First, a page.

Poster Annual Conference of the Genetics Society of Australasia with the NZ Society for Biochemistry & Molecular Biology

Using DNA methylation to investigate a novel model for childhood acute lymphoblastic leukaemia (762)

Abdulmonem Alsaleh 1 , Rob Weeks 1 , Ian Morison 1
  1. Department of Pathology, Dunedin School of Medicine, University of Otago, Dunedin, New Zealand

Childhood acute lymphoblastic leukaemia (ALL) is a disease that originates before birth from the proliferation of neoplastic lymphoid precursor cells in the bone marrow. Previously, we identified dense, biallelic methylation of the TES promoter as the most common molecular event in ALL being present in over 90% of B-ALL and 70% of T-ALL cases. We developed an array-based CpG region analysis pipeline (ABC.RAP) R package to analyse human DNA methylation array datasets. Exploring publicly available datasets, we found about 200 genes that are differentially methylated in ALL. The large number and consistency of the epigenetically modified genes raise the possibility that methylation-induced gene silencing in ALL may not be an acquired cancer-related phenomenon. We propose the presence of a distinct population of normal fetal lymphocytes that carry an epigenetic profile similar to that of ALL.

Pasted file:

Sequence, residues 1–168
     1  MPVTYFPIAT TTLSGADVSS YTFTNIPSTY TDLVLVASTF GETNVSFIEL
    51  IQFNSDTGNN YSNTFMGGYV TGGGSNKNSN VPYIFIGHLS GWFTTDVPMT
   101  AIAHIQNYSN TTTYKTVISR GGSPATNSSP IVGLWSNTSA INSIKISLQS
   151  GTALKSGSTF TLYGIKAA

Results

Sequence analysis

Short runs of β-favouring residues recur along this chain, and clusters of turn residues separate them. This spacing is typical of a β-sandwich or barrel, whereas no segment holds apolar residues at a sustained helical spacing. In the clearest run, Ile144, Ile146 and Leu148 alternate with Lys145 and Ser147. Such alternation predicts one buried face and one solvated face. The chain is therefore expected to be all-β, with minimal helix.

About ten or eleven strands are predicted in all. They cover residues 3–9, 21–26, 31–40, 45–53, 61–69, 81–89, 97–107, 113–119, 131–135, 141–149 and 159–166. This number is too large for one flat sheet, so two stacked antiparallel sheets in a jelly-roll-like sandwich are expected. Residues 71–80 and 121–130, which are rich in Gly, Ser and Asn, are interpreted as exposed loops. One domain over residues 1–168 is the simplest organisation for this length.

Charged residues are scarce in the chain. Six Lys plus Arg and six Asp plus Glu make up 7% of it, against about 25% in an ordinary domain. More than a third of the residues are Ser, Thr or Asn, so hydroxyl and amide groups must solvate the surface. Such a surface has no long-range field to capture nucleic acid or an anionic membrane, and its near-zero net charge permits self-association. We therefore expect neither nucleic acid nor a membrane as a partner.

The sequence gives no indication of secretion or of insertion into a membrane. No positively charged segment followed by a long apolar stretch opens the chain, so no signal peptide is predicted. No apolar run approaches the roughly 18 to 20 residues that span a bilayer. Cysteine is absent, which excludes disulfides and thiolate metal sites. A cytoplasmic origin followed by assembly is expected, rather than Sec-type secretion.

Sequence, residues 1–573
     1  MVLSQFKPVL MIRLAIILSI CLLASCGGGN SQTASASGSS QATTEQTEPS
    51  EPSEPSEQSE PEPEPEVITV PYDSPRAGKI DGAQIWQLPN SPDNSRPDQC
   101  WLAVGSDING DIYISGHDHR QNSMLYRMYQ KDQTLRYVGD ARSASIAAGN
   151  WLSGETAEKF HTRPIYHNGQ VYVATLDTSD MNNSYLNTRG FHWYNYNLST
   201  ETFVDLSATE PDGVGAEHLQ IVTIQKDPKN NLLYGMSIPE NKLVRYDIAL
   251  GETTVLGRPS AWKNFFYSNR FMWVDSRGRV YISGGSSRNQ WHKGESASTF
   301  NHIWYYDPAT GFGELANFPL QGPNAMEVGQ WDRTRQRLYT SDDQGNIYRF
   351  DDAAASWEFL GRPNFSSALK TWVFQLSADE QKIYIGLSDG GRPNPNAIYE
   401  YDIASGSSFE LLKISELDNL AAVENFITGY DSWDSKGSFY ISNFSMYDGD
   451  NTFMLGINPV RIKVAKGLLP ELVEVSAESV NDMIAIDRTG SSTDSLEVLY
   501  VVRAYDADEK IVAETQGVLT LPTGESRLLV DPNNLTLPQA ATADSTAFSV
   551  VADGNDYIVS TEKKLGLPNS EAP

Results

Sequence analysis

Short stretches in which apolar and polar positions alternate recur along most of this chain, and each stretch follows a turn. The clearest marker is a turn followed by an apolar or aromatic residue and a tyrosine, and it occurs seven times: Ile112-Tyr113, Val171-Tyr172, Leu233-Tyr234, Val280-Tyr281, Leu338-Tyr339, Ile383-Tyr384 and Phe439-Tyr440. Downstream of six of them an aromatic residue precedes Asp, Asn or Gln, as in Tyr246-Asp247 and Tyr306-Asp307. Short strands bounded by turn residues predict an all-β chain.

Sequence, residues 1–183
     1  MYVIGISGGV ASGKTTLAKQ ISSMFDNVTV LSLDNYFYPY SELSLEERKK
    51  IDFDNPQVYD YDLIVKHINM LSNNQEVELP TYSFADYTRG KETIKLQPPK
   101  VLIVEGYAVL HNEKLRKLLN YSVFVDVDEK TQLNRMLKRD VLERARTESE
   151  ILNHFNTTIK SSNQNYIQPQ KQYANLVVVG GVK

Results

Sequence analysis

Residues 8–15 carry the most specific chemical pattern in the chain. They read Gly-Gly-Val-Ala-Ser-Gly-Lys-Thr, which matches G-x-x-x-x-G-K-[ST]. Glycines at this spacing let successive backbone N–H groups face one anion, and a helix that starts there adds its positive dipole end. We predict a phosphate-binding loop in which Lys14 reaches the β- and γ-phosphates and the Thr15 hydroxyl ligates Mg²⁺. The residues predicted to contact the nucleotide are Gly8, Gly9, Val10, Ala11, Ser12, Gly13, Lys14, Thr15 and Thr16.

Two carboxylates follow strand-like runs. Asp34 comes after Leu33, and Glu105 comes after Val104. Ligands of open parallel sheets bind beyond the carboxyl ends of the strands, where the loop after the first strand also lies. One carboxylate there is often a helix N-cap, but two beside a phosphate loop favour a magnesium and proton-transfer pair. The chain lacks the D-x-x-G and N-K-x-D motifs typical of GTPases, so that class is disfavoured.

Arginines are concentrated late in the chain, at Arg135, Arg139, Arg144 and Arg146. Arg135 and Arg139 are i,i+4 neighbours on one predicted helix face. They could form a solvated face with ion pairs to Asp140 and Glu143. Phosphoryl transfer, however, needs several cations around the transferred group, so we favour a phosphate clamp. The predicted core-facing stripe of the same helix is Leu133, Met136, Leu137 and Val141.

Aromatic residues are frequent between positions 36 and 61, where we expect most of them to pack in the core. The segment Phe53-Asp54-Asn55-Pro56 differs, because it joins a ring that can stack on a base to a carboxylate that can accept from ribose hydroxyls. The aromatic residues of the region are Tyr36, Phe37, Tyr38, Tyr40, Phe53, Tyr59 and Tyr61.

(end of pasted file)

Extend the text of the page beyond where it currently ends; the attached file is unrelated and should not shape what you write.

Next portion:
We developed an assay to detect methylated TES alleles using a deep targeted sequencing approach (MiSeq; Illumina). To date, we have examined blood samples from four neonates, and 10 cord blood samples. Remarkably, we detected the ALL-like methylation profile, i.e., TES methylated alleles, in one of the premature babies (3.2% of the CD19+ B cells of a four week-old, 28 week-gestation baby), and in three of 10 sequenced cord blood samples (1.3%, 0.16%, and 1.2% of CD19 negative cells). Importantly, methylation of TES has never been observed in normal adult blood. The next stage is to search for enrichment of the methylated TES alleles in purified stem cells, T cells and B cells.